Archive for May, 2008

Perfidious Albion

Tuesday, May 13th, 2008

I really hate the word ‘wonk’, but in recent years I’ve become a history wonk. So my current bedtime reading has been the newly updated Seventh Edition of The Israel-Arab Reader, edited by Walter Laqueur and Barry Rubin (Penguin: 2008, ISBN 978-0-14-311379-9).

The book is simply a collection of relevant documents from the Bilu Manifesto of 1882 to President Bush’s statement at the Annapolis conference on November 27, 2007, arranged in strict chronological order. In these days when rewriting history for political purposes is not only common, but apparently is seen by many as a legitimate academic enterprise, I find a dip into the cold water of actual facts refreshing before going to sleep.

For example, take the British White Paper of 1939 (p. 44) which first reaffirms Britain’s commitment under the Balfour Declaration and the Mandate to provide for a Jewish National Home in Palestine, and then continues as follows:

Although it is not difficult to contend that the large number of Jewish immigrants who have been admitted so far have been absorbed economically, the fear of the Arabs that this influx will continue indefinitely until the Jewish population is in a position to dominate them has produced consequences which are extremely grave for Jews and Arabs alike and for the peace and prosperity of Palestine. The lamentable disturbances of the past three years are only the latest and most sustained manifestation of this intense Arab apprehension. The methods employed by Arab terrorists against fellow Arabs and Jews alike must receive unqualified condemnation. But it cannot be denied that fear of indefinite Jewish immigration is widespread amongst the Arab population and that this fear has made possible disturbances which have given a serious setback to economic progress, depleted the Palestine exchequer, rendered life and property insecure, and produced a bitterness between the Arab and Jewish populations which is deplorable between citizens of the same country [my emphasis].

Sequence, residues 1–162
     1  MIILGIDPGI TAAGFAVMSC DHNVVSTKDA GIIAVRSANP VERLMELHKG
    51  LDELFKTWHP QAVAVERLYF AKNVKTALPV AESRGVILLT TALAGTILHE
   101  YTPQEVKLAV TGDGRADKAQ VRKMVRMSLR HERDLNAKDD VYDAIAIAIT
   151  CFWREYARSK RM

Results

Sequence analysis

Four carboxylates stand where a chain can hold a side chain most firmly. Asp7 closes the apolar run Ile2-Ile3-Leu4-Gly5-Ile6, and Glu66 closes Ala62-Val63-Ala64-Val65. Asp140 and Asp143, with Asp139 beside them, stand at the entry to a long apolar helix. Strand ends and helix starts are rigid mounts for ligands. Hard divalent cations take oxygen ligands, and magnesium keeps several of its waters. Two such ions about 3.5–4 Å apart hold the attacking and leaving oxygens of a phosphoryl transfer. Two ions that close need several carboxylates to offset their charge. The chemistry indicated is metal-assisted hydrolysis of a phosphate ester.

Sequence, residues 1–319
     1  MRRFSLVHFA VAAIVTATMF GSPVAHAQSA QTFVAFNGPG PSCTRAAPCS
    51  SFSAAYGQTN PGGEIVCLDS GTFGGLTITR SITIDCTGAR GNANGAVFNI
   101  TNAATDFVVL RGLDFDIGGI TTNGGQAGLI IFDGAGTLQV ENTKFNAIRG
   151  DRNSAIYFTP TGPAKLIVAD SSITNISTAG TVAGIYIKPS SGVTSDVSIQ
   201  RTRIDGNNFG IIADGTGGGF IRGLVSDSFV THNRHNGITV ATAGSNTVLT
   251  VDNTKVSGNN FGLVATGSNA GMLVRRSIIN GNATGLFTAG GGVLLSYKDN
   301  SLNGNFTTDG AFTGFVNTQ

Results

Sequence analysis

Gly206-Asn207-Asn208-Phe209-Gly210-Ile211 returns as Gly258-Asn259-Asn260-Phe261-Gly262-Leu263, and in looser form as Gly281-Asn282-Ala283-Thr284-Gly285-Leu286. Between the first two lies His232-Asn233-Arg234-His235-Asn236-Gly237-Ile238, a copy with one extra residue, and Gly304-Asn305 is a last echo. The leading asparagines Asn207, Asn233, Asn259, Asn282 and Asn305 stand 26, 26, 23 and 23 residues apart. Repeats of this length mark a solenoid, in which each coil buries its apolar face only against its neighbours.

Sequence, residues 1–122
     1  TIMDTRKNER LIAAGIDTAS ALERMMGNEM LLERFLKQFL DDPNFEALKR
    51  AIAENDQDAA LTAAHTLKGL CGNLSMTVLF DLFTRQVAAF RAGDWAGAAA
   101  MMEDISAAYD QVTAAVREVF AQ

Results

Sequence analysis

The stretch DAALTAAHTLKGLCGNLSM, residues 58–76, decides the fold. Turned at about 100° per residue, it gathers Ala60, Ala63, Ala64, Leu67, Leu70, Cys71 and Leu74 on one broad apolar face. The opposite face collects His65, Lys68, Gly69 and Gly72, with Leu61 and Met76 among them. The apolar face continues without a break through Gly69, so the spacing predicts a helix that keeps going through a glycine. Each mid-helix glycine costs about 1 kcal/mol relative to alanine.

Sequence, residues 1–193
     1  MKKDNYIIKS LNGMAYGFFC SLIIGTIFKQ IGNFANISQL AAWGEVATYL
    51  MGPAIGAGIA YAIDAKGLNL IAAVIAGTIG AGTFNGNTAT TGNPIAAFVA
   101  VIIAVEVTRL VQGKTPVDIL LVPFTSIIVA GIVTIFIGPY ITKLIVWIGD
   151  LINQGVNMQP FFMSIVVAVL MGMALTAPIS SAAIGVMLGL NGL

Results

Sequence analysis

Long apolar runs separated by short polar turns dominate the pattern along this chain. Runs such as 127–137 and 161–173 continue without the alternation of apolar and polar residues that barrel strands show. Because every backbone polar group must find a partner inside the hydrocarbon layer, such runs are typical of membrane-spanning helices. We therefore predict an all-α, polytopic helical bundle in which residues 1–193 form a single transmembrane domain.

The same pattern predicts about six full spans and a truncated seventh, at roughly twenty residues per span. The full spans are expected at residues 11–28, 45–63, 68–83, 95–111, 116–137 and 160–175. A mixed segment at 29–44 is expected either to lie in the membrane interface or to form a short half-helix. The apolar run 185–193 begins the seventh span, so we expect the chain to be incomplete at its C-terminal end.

In other words, unhappy Arabs respond with riots, terrorism and violence. Sound familiar? So the British, while ‘deploring’ the violence, decided to solve the problem — by stopping immigration:

For each of the next five years a quota of 10,000 Jewish immigrants will be allowed on the understanding that a shortage one year may be added to the quotas for subsequent years, within the five year period, if economic absorptive capacity permits.